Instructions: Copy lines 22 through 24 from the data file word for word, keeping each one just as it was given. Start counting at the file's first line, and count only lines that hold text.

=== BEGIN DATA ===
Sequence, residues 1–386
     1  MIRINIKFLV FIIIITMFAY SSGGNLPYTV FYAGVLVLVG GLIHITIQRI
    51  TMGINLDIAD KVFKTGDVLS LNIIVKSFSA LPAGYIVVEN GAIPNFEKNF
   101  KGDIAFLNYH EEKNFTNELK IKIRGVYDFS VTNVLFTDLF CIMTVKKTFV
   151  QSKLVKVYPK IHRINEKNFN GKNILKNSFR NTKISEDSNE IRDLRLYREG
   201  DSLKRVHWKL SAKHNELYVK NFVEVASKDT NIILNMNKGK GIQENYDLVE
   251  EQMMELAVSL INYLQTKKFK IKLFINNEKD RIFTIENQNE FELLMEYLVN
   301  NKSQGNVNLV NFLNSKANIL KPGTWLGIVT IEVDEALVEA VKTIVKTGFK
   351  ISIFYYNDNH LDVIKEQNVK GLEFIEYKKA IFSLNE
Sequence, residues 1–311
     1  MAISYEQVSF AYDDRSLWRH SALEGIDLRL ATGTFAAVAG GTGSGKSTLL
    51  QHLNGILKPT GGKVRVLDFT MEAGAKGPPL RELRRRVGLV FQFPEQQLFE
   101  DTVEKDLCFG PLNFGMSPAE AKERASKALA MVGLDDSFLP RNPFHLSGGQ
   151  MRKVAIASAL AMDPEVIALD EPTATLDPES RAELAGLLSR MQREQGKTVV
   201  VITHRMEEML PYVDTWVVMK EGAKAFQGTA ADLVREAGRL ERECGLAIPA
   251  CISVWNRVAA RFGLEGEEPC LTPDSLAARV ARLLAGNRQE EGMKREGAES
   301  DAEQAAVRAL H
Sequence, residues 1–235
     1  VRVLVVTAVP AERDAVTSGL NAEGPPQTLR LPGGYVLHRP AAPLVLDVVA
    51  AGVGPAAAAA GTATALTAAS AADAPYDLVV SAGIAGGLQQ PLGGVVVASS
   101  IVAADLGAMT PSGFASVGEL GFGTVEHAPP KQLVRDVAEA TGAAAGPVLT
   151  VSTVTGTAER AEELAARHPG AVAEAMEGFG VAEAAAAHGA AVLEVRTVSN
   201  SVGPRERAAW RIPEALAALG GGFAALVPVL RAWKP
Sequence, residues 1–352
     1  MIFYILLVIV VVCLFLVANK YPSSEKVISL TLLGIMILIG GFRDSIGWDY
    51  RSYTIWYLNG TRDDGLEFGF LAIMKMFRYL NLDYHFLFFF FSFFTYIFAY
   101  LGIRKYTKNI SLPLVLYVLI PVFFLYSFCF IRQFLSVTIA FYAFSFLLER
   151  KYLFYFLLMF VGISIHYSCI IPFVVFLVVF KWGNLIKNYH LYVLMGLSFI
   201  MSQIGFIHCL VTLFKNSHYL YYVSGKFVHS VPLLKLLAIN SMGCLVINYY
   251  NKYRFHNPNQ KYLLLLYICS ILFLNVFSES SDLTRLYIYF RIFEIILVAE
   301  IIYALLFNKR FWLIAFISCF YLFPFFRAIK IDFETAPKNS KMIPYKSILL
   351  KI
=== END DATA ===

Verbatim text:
   151  VSTVTGTAER AEELAARHPG AVAEAMEGFG VAEAAAAHGA AVLEVRTVSN
   201  SVGPRERAAW RIPEALAALG GGFAALVPVL RAWKP
Sequence, residues 1–352